That brought laughter to all.
“She is said to be a most comely young lady,” James said. “If she is as attractive as her mother, I can understand the governor's infatuation with her. I well remember when Don José regularly rode from here to San Francisco to woo her.”
“You knew many of the members of the original expedition, did you not?” Hartnell asked.
James spent some time relating childhood memories of the brave men who had faced the unknown in order to discover the sites of the present presidios and missions.
“Then you know all the current members of the territorial council?” Littlejohn asked.
“Some I do. Others are new to me as they came later. Many were pobladores for Los Angeles or San José. I know members of the Sola, Salgado, Ibarra, Bustamante, and Cardenas families, but not the remainder.”
Hartnell's face had turned dark, with a glower of anger. All knew he was thinking of the recent act of Governor Echeandía in revoking his exclusive port rights to Monte Rey, an act backed up by the diputación. It had caused him some severe business losses that were somewhat alleviated by the arrival of more trading vessels in the harbor.
That was one of the reasons James was somewhat curious as to the presence of McKinley, an agent for a major trader, Captain Cooper. McKinley traveled a great deal in search of trade for the ships owned by the captain and his backers.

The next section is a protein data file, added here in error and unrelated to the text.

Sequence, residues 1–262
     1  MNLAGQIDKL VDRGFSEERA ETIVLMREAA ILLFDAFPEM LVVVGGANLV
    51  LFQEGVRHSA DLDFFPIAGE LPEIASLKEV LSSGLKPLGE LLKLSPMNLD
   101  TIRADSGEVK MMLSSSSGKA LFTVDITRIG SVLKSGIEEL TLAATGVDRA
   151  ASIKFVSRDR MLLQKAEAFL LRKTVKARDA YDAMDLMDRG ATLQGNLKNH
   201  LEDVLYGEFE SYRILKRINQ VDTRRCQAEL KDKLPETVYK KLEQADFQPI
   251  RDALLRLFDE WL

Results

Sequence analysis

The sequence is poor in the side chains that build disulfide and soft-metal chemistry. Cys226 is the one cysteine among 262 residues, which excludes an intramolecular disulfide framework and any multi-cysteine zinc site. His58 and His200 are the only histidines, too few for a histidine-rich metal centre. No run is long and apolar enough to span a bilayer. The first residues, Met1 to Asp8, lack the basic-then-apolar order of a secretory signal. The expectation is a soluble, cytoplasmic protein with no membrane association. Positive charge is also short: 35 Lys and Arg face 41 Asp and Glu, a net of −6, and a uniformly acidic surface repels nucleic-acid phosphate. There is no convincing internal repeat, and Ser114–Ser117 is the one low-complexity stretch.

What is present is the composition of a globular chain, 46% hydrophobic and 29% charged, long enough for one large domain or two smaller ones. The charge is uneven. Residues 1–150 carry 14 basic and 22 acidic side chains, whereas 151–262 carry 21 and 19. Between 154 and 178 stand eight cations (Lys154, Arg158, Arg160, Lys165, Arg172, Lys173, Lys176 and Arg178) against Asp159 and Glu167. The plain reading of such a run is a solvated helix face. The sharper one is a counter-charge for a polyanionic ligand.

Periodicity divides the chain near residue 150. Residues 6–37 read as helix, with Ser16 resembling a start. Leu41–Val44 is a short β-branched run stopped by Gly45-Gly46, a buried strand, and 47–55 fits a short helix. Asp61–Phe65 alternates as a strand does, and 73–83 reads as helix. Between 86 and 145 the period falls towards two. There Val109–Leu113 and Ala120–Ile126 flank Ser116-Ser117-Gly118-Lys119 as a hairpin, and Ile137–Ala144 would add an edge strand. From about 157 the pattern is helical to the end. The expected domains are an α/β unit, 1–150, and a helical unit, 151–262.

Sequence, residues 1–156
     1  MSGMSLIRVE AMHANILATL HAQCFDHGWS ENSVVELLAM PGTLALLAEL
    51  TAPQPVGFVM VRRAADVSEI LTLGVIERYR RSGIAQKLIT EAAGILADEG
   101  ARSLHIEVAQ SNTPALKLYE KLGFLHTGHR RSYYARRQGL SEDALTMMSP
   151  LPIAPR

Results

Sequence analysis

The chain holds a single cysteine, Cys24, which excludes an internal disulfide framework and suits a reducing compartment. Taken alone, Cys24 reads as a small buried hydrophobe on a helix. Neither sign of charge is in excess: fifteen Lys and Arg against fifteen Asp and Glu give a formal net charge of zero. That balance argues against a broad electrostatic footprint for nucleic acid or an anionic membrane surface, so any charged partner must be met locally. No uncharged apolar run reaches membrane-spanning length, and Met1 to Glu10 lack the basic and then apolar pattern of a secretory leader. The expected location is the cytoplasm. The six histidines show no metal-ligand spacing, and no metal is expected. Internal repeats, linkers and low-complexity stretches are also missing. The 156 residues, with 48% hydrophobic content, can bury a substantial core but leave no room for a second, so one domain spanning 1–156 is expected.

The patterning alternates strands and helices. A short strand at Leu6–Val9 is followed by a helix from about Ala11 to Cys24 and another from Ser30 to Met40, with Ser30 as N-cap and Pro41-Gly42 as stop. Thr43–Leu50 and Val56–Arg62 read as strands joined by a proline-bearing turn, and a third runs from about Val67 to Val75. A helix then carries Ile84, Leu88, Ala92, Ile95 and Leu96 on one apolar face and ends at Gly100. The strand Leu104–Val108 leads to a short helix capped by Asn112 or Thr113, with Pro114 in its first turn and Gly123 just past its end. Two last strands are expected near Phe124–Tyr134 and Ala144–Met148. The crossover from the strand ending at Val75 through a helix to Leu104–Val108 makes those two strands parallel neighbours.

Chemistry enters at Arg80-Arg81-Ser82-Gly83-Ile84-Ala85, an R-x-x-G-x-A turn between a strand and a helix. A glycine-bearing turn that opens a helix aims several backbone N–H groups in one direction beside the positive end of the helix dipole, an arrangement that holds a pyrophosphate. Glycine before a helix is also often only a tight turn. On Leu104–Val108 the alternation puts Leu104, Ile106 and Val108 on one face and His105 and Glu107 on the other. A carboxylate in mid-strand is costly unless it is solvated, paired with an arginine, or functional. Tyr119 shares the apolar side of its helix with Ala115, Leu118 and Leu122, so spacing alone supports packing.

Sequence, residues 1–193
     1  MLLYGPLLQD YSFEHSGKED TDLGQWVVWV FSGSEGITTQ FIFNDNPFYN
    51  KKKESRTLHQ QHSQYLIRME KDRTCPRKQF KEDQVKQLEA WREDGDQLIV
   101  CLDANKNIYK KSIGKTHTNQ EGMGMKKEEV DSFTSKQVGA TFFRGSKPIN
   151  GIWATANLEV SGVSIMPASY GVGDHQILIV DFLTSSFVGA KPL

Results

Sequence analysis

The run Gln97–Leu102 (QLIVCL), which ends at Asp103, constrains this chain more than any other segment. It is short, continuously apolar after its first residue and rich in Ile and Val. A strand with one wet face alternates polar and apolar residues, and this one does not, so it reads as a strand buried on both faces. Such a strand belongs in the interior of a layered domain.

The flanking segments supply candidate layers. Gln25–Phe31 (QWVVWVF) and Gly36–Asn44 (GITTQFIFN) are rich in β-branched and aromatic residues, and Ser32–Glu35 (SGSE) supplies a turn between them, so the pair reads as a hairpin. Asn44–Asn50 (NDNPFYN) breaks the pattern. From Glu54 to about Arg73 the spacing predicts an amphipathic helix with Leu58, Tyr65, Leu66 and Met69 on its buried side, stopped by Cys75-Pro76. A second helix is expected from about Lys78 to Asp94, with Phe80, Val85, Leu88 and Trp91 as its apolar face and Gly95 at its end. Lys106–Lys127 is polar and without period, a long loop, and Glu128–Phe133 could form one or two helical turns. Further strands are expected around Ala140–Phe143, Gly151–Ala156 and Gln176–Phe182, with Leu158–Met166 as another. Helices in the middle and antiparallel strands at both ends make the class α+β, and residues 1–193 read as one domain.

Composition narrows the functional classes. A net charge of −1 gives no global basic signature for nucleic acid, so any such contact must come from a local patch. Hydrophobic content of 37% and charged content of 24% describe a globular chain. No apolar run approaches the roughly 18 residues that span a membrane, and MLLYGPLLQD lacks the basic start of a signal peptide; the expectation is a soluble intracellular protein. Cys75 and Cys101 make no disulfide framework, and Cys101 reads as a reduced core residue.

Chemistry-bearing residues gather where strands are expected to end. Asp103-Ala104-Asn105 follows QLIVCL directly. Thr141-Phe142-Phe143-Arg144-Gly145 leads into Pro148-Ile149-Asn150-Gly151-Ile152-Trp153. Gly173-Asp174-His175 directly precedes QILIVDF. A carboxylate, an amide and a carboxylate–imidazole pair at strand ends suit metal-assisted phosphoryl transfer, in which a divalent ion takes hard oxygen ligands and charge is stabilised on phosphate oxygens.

He could no longer ignore his curiosity. “This is a most interesting gathering, Don Eduardo, but I must admit I wonder why you have called us together. Especially me.”
Hartnell re-lit his cigar before answering. “Californians have split into a variety of groups supporting different leading figures. The governor is a weak man and has received little directives from Mexico City. Although there is a delegate there to speak for territorial affairs, he has little influence. In addition, the government is not exactly settled, with many different parties and interests. Guadalupe Victoria seems to be a president few oppose, but he has a deeply divided congress that appears unable to come up with rules and regulations to deal with the territory.”
“It is most difficult planning for the future under such circumstances,” Malarin said.
“And Comisario Herrera makes things most difficult for us non-Mexican businessmen,” Littlejohn commented.
“The main reason we invited you,” Hartnell said to James, “is that you have lived here all your life and you know more about the people of this land than we. We seriously seek your thoughts on the future of California.”
James did not see that coming. “Why did you not invite my father then. He is far more aware of the people of California than I.”
“But he has the viewpoint of the past. Not the future. I have had many most interesting discussions with him, but he cannot see anything but an unwavering loyalty to the friars.”
“What on earth makes you think my sentiments are one bit different?” James angrily asked.
Hartnell raised a hand in defense. “We do not doubt your loyalty to the friars. In fact, it is because of that virtue we seek your advise. You are aware of the governor's aim to take the missions from the friars, are you not?”
James nodded. He hated the fact and knew full well what would happen if the directives were put into effect.
“And you know of the growing dissatisfaction between the Californians of the south and north?”